Julie Peyton: If you were to come visit West Hills on any given Sunday, I would hope that you would first feel welcomed, and there would be no pressure put on you, or that you would not feel any pressure to do or to be anything. The expectation—and this is a spoken expectation at the beginning—is that you will know that your presence there has an impact on us, or certainly can have an impact. You can be part of that meeting that day. You may be called upon by God to stand and say something to all of us. But just your presence, listening with us, is an important thing.
Brenda Cox: We do especially try to welcome you when you walk through the door, make sure we introduce ourselves. Then, when the service is over, you’ll often be invited to someone’s house for a meal. If you have any questions, we’re happy to answer them. Nobody’s going to push anything down your throat. If you want to come back, you’re welcome. If you don’t, we’re sad, but that’s ok. It’s your decision.
Sara Hernandez: Because each meeting is different, that one first experience will not give you a clear experience of the Quaker experience… the religious search of the Quakers. It helps to be coming more than one time, really get a feel for the community for the community and the religious experience itself.
What to Know Before Visiting
Ray Treadway: When you first came to our meeting, we’d want to be sure that you realized that we wouldn’t have hymns, we wouldn’t have a pastor, that we’d be sitting in silence. And we know that for someone who, perhaps like yourself, who’ve never experienced this, it might seem a little strange but we have found that many newcomers who come have a sense of belonging, have a sense of being in the presence of God.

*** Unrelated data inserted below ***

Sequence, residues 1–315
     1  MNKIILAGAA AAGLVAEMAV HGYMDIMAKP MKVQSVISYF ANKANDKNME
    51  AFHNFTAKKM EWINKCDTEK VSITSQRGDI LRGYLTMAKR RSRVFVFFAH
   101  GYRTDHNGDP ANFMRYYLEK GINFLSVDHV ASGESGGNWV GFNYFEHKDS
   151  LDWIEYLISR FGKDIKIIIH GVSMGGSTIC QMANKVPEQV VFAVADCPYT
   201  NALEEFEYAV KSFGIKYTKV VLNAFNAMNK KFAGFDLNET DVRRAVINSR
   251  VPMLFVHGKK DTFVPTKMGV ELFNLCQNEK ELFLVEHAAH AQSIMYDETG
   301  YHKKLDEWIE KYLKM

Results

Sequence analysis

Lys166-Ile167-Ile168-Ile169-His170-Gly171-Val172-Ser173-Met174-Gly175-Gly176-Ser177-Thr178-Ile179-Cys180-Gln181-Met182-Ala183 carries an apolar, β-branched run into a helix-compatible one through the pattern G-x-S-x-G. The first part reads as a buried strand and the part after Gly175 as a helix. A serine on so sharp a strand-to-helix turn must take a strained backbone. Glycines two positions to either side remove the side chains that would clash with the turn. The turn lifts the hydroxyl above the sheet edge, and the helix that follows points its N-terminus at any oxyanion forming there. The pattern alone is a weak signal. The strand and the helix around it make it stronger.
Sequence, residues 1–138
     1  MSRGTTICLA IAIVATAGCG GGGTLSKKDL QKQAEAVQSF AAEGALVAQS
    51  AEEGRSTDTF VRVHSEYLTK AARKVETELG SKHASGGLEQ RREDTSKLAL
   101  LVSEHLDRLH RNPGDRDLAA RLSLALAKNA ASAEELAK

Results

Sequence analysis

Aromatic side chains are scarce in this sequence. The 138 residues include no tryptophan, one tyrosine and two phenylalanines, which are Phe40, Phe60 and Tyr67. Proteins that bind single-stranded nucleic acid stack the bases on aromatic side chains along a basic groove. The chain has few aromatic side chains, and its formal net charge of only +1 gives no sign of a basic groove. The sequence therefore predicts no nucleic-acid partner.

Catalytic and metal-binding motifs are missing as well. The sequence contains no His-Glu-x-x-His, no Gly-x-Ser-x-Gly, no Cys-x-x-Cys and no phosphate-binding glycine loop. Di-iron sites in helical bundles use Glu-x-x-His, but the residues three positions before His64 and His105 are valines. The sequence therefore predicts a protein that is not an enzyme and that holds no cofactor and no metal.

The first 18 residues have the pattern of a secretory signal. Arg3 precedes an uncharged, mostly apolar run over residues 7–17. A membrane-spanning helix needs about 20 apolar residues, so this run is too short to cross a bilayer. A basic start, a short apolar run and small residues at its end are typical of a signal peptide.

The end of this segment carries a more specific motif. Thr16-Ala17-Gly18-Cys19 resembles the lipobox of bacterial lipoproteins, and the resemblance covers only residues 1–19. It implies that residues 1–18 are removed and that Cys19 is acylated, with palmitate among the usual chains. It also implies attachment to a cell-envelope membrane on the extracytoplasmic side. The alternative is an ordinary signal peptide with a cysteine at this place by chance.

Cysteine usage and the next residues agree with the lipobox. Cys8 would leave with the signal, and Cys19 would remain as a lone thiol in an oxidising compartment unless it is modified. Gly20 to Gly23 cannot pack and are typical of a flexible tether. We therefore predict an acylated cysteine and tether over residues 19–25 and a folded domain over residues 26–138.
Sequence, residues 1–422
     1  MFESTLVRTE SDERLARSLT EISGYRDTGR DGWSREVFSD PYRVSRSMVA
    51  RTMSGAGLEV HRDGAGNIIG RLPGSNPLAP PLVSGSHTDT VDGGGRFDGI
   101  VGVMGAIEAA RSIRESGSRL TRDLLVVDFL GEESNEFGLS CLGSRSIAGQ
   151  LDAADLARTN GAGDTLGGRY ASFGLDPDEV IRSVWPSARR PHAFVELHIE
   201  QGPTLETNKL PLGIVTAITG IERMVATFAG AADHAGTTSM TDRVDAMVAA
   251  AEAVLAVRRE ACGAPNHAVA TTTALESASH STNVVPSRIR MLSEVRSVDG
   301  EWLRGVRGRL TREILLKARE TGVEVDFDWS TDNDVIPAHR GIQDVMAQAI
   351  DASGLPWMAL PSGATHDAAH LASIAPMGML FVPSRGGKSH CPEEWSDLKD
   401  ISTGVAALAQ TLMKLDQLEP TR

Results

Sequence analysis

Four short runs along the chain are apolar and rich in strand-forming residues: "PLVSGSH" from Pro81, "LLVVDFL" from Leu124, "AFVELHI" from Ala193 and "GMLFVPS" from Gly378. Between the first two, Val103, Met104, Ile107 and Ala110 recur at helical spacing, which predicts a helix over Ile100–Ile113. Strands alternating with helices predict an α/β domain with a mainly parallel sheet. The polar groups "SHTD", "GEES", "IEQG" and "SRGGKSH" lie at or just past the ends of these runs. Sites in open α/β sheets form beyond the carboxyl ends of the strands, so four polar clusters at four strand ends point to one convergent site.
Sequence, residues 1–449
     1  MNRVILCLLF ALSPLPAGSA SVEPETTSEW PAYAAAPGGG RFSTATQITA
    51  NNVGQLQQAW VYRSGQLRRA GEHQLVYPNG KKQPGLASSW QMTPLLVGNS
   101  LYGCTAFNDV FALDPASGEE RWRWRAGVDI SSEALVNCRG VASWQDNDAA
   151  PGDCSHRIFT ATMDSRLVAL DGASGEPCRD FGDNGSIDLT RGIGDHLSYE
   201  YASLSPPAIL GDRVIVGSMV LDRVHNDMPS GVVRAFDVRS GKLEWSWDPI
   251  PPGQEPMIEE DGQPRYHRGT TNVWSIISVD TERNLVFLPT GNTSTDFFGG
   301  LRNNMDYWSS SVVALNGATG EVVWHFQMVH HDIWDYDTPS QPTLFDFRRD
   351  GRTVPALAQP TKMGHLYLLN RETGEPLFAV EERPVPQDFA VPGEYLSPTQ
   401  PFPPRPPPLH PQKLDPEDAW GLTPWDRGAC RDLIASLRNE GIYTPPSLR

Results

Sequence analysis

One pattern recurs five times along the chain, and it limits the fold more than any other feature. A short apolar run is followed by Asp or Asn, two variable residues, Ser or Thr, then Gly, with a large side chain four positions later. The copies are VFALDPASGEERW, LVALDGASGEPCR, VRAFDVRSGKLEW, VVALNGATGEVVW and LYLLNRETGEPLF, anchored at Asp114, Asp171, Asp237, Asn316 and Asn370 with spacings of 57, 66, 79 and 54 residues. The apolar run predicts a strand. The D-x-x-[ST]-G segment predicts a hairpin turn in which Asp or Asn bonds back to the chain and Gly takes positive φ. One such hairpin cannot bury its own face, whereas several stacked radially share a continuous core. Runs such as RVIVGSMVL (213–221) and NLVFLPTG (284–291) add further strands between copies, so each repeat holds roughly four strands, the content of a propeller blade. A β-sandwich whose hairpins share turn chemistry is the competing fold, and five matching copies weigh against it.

Norma Wallman: I think that we want you to come with a curiosity, with a longing to know what the Quaker experience is about. If you come with that earnest desire to find out about Quakerism, to experience, then the knowing part—the knowledge part of it—you can look all that up later.
Lidney Molnari: What I would want you to know about Quakerism is the fundamental belief there is that of God in everyone. That belief is what attracted me to Quakerism at the beginning.
Sara Hernandez: So to me the value of Quaker meeting is precisely that centeredness and trying to find peace within. It’s not easy. It’s a job in a way to find that inner peace. Many times I find myself thinking about all the problems I have. “How am I going to resolve this issue?” So it helps me meditate, but ideally, the best meeting is when I can really find that center and be quiet, internally peaceful.
The views expressed in this video are of the speakers and do not necessarily reflect the views of Friends Journal or its collaborators.
14 thoughts on “Are You a Quaker?”
Great selection of speakers – represents the varieties of Quakers.
I spent my life as a pacifist. Hippie tree hugger. Activist peace freak. Ex-church goer. 6 or 7 years ago I became a Convinced Quaker, realizing that is what a really was all along. Being a very small community, we have Meetings twice a month, and I can not wait to go. So glad to belong.
There are no Quaker meetings in my community. The closest one is in Napa. Any chance there would be a new group in Fairfield area, Solano County? Calif.
The Quakers are one of the few Christian churches that has any appeal to me. The nearest one is a three hour drive away. And I’m not sure how I would be accepted – I am a transgender woman.
Thank you for including voices over the full range of Quakers!!!!
Long time supporter of FCNL.